So, as you can see, there is considerable scope for NATO and Russia to do more together – and this will, I am sure, help us to re-build confidence and trust.
But we need more than just enhanced practical cooperation to address some of the more serious disagreements between NATO and Russia. Hence my second proposal, which is to re-vitalise the NATO-Russia Council as a forum for serious dialogue.
I firmly believe that we should use the NATO-Russia Council again in the way it was originally intended -- not as a fair-weather forum, but as a forum where we can all air our differences openly and transparently, and where all our security concerns are discussed – including Russia’s.
Take for example President Medvedev’s ideas on a new European security arrangement. I am aware that the OSCE is the primary forum for such a discussion, and I am also aware that President Medvedev’s ideas have not yet turned into concrete proposals. But to the degree that these ideas demonstrate Russian concerns about being marginalised in European security, I believe that a NATO-Russia dialogue could provide real added value. We must all aim for a Euro-Atlantic security architecture in which Russia sees herself reflected.
As many of you are aware, NATO has just started the process of drafting a new Strategic Concept. I plan to make this the most open, the most inclusive process in the history of NATO – or any other organisation. A process in which we will thoroughly engage the strategic community, and use new media in ways we have never done before. It goes without saying that this open process offers an excellent opportunity for the Russian strategic community to make its voice heard.
Now to my third proposal. When I look at the recent “Russian Security Strategy Until 2020” I realise that Russia, very much like NATO, is grappling with the new and rapidly evolving security environment. This environment confronts us with challenges that have little in common with those of the past. But I also firmly believe that it offers an ideal opportunity for enhanced cooperation between NATO and Russia. We should use the NATO-Russia Council to identify those areas where our interests converge and where further cooperation would be beneficial.
This is why I propose that we undertake a joint review of NATO’s and Russia’s common threats and challenges. We need an agreed analytical basis which we can then use to further enhance our practical cooperation.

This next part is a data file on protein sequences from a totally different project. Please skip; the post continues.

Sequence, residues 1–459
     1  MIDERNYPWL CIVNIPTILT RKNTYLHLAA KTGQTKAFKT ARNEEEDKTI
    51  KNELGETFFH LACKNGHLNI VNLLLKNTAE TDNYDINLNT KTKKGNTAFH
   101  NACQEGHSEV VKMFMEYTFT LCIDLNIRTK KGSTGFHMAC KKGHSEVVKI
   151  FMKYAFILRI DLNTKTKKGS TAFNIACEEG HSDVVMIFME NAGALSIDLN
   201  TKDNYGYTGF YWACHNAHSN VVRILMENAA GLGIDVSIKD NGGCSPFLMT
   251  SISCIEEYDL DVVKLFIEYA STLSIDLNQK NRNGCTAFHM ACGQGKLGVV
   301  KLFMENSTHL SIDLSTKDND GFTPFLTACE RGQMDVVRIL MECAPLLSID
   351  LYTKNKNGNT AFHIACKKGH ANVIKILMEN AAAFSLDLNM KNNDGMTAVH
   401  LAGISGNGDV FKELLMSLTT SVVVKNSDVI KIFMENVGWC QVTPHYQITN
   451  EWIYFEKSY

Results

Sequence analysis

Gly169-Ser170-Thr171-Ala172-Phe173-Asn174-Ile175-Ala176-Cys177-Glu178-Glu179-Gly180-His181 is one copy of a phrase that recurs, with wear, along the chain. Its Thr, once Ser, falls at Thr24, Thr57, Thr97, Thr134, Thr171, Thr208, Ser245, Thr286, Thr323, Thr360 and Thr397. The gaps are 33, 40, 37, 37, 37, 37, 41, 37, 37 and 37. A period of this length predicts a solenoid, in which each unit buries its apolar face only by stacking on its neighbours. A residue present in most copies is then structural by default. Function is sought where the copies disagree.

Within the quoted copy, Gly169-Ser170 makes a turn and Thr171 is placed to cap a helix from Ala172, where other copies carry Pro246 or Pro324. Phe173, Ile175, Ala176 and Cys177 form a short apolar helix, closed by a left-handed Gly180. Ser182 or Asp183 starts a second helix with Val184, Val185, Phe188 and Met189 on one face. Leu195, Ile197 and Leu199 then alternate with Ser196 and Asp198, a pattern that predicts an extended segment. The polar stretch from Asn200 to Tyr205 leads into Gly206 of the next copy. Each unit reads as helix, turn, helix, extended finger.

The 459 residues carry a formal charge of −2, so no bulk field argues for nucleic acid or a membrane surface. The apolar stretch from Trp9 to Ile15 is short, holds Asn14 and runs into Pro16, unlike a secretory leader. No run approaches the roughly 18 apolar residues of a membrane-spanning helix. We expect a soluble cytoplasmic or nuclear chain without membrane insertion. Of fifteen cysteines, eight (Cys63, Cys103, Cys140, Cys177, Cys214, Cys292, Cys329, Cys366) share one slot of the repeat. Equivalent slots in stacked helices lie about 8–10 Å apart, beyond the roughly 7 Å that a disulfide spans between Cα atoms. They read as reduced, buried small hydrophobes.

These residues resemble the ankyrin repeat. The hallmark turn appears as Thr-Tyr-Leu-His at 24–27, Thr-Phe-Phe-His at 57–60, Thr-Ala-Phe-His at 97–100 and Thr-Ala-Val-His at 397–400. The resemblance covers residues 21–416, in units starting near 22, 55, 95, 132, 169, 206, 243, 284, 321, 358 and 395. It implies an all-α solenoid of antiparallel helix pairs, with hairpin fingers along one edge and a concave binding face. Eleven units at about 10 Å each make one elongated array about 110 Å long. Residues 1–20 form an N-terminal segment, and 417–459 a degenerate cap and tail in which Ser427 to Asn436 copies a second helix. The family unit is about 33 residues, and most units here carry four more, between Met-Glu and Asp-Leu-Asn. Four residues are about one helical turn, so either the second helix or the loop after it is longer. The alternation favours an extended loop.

We don’t have to start from scratch. NATO and Russia have already conducted several joint assessments on specific threats. And we have agreed on an Action Plan on Terrorism. What we need to do now, in essence, is to broaden this work.
The agreement to conduct such a review would provide the NATO-Russia Council with an unprecedented high-level political profile. And it would also be an unambiguous signal of our intention to work more closely together and to put our past differences behind us – it would represent a genuine new beginning for the NATO-Russia relationship.
Ladies and gentlemen,
I am perfectly aware that the proposals I have just laid out are ambitious. The historical baggage of the relationships between NATO and Russia and between the West and Russia cannot simply be ignored. And not all our disagreements are simply based on misunderstandings. Some of them are of a fundamental nature and, hence, will not disappear quickly.
I am also keenly aware that NATO-Russia relations can quickly become hostage to domestic politics – in Russia as well as in Allied nations. After all, the state of NATO-Russia relations is very much a reflection of the state of bilateral relations between individual Allies and Russia.
So my proposals will require realism, but also considerable political will – not just to launch them, but particularly to prevent them from getting derailed by possible disagreements in other areas.
Carnegie’s Dimitri Trenin once described Russia as being merely the planet Pluto in the “Western solar system”. In other words, while it is formally part of the system, it is located out on the fringes where it is lonely, cold and frustrated. This situation is neither in Russia’s own interest nor in NATO’s interest.
NATO wants Russia to be a real stakeholder in European and international security. We need Russia as a partner in resolving the great issues of our time. And although many in Russia may still hesitate to agree, I predict that Russia – sooner rather than later – will also come to realise that a more cooperative relationship with NATO is very much in its own self-interest.
Ladies and Gentlemen, this new relationship will require a lot of hard work. But if we manage to get away from the reflex of assuming the worst about each other, and focus instead on our common interests, we can make a genuine new beginning in our relationship – in our own interest and that of the entire international community. Thank you.